BOSTON (AP) --_ Massachusetts consumers could receive as much as $34 million worth of computer products, while North Dakota consumers could get as much as $9 million in separate, proposed settlements of class-action lawsuits accusing Microsoft Corp. of violating each state's antitrust laws.
Under settlements approved Tuesday, Massachusetts and North Dakota would become the 11th and 12th states with which the Redmond, Wash.-based software giant has reached such an agreement.
The Massachusetts settlement, filed in Middlesex Superior Court, won preliminary approval from Superior Court Judge Judith Fabricant on Monday--the same day a judge in Arizona approved a similar settlement there that has a maximum value of $104.6 million.
The smaller value of Massachusetts' $34 million settlement reflects the fact that the state's consumer laws differ from those in Arizona and some other states, said Ann D. White, a lead co-counsel in the case from the firm Mager White & Goldstein.
Massachusetts' laws limit relief in such cases to individuals, with businesses and government excluded, White said.
The agreement will require Microsoft to provide vouchers to all class members in Massachusetts who bought Microsoft operating systems or software from Jan. 3, 1996 to Dec. 31, 2002.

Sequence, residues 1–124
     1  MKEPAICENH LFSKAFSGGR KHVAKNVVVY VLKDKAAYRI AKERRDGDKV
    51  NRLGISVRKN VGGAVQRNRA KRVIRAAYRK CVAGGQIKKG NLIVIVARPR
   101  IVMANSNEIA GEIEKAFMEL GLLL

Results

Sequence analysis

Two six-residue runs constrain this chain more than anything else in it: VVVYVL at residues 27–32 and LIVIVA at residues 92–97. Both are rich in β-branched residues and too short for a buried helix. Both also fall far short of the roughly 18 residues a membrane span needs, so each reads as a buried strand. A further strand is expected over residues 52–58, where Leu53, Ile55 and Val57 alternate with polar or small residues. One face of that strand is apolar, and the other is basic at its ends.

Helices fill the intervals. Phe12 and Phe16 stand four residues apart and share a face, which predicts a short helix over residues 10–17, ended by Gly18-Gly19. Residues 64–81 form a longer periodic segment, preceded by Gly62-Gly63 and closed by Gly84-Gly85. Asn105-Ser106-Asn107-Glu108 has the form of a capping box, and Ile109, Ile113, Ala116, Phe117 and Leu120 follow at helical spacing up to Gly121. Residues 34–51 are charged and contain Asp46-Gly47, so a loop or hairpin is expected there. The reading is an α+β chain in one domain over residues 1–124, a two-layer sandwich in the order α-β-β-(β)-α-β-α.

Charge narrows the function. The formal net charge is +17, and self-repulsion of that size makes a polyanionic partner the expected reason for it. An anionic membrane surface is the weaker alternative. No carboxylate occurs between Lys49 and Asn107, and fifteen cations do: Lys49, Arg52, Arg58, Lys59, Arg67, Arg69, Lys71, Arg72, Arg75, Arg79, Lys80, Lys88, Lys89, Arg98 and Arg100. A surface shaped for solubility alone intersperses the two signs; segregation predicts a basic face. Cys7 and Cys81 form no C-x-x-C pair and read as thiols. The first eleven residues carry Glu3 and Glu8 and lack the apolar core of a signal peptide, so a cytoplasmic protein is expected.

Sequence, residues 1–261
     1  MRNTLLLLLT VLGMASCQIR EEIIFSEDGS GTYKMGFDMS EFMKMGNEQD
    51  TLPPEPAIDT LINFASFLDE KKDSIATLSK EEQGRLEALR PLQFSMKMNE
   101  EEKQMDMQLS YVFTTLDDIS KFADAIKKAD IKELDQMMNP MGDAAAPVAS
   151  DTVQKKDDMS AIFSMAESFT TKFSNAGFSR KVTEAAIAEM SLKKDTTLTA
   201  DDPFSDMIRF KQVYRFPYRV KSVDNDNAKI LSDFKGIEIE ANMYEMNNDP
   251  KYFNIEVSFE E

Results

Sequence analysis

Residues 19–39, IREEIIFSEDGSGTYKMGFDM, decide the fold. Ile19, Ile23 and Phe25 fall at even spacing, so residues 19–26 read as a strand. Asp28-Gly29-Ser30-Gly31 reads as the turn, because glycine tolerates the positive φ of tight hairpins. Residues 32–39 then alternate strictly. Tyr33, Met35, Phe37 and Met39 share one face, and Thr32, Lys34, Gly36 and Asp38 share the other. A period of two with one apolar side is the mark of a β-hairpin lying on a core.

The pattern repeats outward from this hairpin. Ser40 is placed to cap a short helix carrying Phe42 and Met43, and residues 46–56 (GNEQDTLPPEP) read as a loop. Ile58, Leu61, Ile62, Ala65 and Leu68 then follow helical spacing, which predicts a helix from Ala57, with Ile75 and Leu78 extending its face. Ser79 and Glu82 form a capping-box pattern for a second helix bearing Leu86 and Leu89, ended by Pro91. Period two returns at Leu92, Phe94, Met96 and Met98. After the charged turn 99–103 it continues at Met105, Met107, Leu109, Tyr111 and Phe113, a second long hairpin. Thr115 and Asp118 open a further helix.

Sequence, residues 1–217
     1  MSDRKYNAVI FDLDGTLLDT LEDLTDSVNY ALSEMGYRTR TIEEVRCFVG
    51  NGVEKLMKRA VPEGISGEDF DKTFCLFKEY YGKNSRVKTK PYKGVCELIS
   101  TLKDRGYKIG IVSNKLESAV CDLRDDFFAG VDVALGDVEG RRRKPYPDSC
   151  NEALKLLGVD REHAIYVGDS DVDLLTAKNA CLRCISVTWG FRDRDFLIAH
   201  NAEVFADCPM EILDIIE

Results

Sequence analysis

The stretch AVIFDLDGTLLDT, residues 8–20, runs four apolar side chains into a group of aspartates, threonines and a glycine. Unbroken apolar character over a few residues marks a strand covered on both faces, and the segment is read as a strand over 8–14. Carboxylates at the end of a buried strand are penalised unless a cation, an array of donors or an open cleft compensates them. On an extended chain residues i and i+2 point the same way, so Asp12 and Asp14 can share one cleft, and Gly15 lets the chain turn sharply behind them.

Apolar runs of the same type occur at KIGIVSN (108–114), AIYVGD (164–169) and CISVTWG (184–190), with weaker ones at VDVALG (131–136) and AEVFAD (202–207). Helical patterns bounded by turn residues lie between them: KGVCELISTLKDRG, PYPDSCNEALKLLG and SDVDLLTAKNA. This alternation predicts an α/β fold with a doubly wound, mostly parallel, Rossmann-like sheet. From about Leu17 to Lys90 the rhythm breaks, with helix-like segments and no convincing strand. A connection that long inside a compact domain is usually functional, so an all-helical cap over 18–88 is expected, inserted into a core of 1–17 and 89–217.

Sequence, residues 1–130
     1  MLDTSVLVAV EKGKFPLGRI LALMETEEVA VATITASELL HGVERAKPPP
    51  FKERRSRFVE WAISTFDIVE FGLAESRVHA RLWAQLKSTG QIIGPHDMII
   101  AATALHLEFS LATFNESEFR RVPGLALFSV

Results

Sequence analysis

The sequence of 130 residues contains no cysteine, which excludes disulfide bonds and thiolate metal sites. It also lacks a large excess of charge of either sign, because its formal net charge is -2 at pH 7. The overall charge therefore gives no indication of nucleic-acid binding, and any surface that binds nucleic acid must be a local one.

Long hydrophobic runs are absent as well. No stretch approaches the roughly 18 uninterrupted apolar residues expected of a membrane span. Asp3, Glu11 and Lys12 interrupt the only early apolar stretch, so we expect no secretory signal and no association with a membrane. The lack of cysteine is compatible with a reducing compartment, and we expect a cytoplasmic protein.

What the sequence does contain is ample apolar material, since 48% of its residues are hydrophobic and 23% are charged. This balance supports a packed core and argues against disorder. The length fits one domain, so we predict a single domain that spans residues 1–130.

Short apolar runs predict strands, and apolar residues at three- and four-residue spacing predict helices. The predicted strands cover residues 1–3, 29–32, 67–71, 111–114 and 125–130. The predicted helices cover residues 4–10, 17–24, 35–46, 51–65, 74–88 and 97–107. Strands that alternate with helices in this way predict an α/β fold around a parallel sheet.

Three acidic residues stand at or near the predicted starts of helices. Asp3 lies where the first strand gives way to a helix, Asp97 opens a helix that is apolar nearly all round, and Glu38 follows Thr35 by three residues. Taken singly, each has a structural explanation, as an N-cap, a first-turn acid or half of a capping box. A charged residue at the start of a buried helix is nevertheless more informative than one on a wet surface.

Qualifying Massachusetts consumers will receive vouchers used to buy any manufacturer's desktop, laptop and tablet computers; any software available for sale to the public and used with those products; and specified accessories for use with computers.
The total amount of vouchers issued will depend on the number of class members claiming vouchers. The maximum that can be claimed is $34 million.
Under the settlement, Microsoft will give half the value of any unclaimed vouchers to Massachusetts' public schools. Those vouchers may be used to buy hardware, Microsoft software and non-Microsoft software, and professional development services.
The vouchers will go to those districts in which 50 percent or more of the students are eligible for free or reduced-price lunches.
The North Dakota settlement is similar, involving vouchers for computer software and other products as compensation for people who allegedly paid higher prices because of Mircrosoft's business practices. Only about 500 customers have sought the vouchers since the preliminary settlement in November, but 43 school districts are expected to ultimately benefit. In ordering final approval of the settlement on Tuesday, Northeast Central District Judge Bruce Bohlman called the deal "fair and reasonable."
With this week's settlements, Microsoft has reached agreements resolving antitrust cases in a total of 12 states and the District of Columbia, Microsoft spokeswoman Stacey Drake said.
Earlier this month, a judge in Tennessee approved a $64 million state settlement. In April, the company settled a class-action case in Minnesota, interrupting a jury trial.
More than 100 cases filed in recent years have been consolidated to more than 30, with Microsoft prevailing in 18 of the cases and five still pending and without settlement in Iowa, Nebraska, New Mexico, New York, and Wisconsin, Drake said.